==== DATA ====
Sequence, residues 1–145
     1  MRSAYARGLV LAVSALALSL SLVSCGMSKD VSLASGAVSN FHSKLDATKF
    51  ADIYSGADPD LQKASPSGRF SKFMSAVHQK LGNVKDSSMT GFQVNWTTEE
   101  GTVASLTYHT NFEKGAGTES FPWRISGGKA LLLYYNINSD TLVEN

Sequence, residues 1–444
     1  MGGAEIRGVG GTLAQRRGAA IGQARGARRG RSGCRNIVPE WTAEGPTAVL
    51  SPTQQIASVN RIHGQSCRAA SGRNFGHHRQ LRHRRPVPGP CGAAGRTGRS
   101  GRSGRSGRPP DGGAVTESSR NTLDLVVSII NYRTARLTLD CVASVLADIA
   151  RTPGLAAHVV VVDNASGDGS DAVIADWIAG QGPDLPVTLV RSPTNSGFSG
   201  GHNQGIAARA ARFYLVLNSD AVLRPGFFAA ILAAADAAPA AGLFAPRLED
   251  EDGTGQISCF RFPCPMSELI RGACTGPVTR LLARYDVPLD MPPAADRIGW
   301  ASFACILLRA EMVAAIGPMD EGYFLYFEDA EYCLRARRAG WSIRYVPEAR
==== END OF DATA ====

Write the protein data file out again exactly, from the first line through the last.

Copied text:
Sequence, residues 1–145
     1  MRSAYARGLV LAVSALALSL SLVSCGMSKD VSLASGAVSN FHSKLDATKF
    51  ADIYSGADPD LQKASPSGRF SKFMSAVHQK LGNVKDSSMT GFQVNWTTEE
   101  GTVASLTYHT NFEKGAGTES FPWRISGGKA LLLYYNINSD TLVEN

Sequence, residues 1–444
     1  MGGAEIRGVG GTLAQRRGAA IGQARGARRG RSGCRNIVPE WTAEGPTAVL
    51  SPTQQIASVN RIHGQSCRAA SGRNFGHHRQ LRHRRPVPGP CGAAGRTGRS
   101  GRSGRSGRPP DGGAVTESSR NTLDLVVSII NYRTARLTLD CVASVLADIA
   151  RTPGLAAHVV VVDNASGDGS DAVIADWIAG QGPDLPVTLV RSPTNSGFSG
   201  GHNQGIAARA ARFYLVLNSD AVLRPGFFAA ILAAADAAPA AGLFAPRLED
   251  EDGTGQISCF RFPCPMSELI RGACTGPVTR LLARYDVPLD MPPAADRIGW
   301  ASFACILLRA EMVAAIGPMD EGYFLYFEDA EYCLRARRAG WSIRYVPEAR